According to research conducted by Edwin A. Sisson, Attorney at Law, LLC roughly 1 in 4 manufacturers in Medina County are likely being counterfeited online.

Counterfeiting poses many serious problems for legitimate brand owners. Counterfeit products are frequently of a lower quality than a legitimate product, leading to poor product performance and high failure rates. These issues harm the legitimate brand owner in two ways. First, the legitimate brand owner directly loses out on revenue from sales of counterfeit products to consumers who would otherwise purchase the legitimate product. According to the Organisation for Economic Co-Operation and Development (OECD), counterfeit goods accounted for over $450 Billion in economic activity worldwide in 2013 alone. Second, because counterfeit products are marketed under legitimate brands, consumers may lose faith in the quality of the legitimate brand owner’s products when the counterfeit product breaks or fails to perform. All of this can lead to consumer complaints, diluted brand value, and ultimately reduced revenue for the legitimate brand owner.

Attorneys at Edwin A. Sisson, Attorney at Law, LLC have spent an extensive amount of time in the U.S. and overseas to understand the problem and help protect brand owners. They recommend that – at a minimum – brand owners should:

Obtain U.S. and international trademark registrations early

Trademark registrations usually represent the first line of defense against counterfeiting. Without valid trademark registrations in place, brand owners have very few options for addressing counterfeiting activity. Even the step of developing a portfolio of registered trademarks in the U.S. and around the world can deter counterfeiters who may not wish to risk counterfeiting products where the brand owner has demonstrated a willingness to take steps to protect their brand.

Part of a company’s brand protection strategy should include obtaining international trademark registrations. While a brand owner may manufacture and sell products primarily – or even exclusively – in the United States, counterfeiting activity often occurs abroad. For instance, the OECD found that the majority (63.2%) of counterfeit goods originated in China. Understanding where counterfeit goods originate, and where there is demand for counterfeit goods, allows brand owners to tailor their trademark registration strategy to fit market needs.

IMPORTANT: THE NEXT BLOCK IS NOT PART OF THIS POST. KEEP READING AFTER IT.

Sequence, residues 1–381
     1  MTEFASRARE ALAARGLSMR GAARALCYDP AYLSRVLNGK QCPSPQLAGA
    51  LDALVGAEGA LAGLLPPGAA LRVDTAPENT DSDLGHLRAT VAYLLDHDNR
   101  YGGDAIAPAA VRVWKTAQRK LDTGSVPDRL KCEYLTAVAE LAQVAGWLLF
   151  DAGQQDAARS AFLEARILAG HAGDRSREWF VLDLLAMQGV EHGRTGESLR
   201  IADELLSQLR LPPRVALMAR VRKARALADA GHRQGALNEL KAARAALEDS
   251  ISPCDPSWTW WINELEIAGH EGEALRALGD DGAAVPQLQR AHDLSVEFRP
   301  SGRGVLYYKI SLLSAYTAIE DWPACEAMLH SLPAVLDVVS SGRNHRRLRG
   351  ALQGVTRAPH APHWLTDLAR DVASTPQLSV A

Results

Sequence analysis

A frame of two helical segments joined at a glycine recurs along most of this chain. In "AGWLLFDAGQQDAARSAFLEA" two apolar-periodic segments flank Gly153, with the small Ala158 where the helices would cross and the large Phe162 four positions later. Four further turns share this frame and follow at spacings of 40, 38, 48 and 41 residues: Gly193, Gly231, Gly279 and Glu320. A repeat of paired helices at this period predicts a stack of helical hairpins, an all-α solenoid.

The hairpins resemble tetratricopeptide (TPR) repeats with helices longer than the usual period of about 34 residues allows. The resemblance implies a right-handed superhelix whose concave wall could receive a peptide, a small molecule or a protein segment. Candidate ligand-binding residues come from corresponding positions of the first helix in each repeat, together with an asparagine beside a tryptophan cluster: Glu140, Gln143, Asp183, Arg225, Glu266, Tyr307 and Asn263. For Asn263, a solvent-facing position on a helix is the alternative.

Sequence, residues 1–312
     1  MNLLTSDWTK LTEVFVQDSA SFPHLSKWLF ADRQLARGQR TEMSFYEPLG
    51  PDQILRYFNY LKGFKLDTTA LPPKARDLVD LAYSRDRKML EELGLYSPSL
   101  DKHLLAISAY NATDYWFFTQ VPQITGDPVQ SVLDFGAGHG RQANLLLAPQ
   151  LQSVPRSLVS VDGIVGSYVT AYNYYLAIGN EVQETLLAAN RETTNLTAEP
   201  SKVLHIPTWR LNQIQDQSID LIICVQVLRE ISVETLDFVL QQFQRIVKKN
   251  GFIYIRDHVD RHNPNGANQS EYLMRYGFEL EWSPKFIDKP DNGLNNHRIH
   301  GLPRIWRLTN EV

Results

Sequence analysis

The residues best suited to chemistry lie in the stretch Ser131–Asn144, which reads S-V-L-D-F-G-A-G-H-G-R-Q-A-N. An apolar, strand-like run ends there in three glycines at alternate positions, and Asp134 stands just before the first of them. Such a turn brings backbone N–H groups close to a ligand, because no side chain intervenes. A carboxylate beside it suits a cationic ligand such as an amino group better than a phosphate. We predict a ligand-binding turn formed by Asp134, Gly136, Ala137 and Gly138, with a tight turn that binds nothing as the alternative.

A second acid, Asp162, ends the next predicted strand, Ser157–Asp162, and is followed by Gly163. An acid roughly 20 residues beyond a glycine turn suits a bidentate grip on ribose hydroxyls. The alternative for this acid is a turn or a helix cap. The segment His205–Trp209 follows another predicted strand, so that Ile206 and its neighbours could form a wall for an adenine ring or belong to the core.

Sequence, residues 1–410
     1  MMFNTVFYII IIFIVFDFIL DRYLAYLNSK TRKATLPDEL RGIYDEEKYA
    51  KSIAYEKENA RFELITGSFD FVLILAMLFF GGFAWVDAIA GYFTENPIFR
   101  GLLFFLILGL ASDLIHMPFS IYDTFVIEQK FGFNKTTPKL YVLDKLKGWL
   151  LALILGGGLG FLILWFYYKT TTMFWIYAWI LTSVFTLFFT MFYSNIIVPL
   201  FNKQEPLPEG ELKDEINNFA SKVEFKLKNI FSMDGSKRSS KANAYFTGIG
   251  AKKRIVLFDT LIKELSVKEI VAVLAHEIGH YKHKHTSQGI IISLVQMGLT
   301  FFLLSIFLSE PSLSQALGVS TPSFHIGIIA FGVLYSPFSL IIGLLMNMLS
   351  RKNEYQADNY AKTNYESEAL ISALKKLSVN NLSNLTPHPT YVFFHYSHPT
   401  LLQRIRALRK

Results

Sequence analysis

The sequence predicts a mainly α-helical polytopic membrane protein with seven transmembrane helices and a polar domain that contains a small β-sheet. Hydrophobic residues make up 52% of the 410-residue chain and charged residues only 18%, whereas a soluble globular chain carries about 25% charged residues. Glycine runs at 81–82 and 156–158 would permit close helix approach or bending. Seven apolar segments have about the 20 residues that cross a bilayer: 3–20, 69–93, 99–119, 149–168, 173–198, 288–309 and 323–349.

Conduct consumer awareness campaigns for the company’s products and anti-counterfeiting activities

While consumers often purchase counterfeit products under the mistaken belief that they are buying a legitimate product, this is not always the case. In some instances, consumers will seek out counterfeit products because they are less expensive than purchasing the legitimate product. Effectively communicating to your customers and potential customers the value of buying your legitimate goods as opposed to a less expensive counterfeit is an often overlooked but critical component to your brand protection strategy.

Additionally, brand owners should consider publicizing their brand protection efforts, including any new trademark registrations they obtain and the results of any enforcement actions that they may take. The simple act of publicizing that you – as the legitimate brand owner – are concerned about your customers, and taking action to protect your brands both deters would-be counterfeiters and increases brand loyalty.

Monitor for infringement and enforcement opportunities

Trademark registrations alone will not prevent counterfeits of your products from entering the market. Your brand protection strategy is only as good as your efforts to monitor for counterfeits of your product, and your willingness to take action to enforce your rights when you find counterfeits in the market.

Attorneys at Edwin A. Sisson, Attorney at Law, LLC assist their customers in the following common enforcement strategies:

  1. Sending take-down notices to e-commerce websites that list advertisements for counterfeits of your product.
  2. Working with customs and border protection units in the U.S. and worldwide to seize imports (and in some countries exports) of counterfeit goods before they enter the market.
  3. Litigation against counterfeiters, which may result in injunctions stopping the sale of counterfeit goods and/or monetary damages.

Most often, use of these strategies requires that the brand owner already have trademark registrations in place.

If you are interested in learning more about brand protection and anti-counterfeiting, please contact our office at 330-598-1799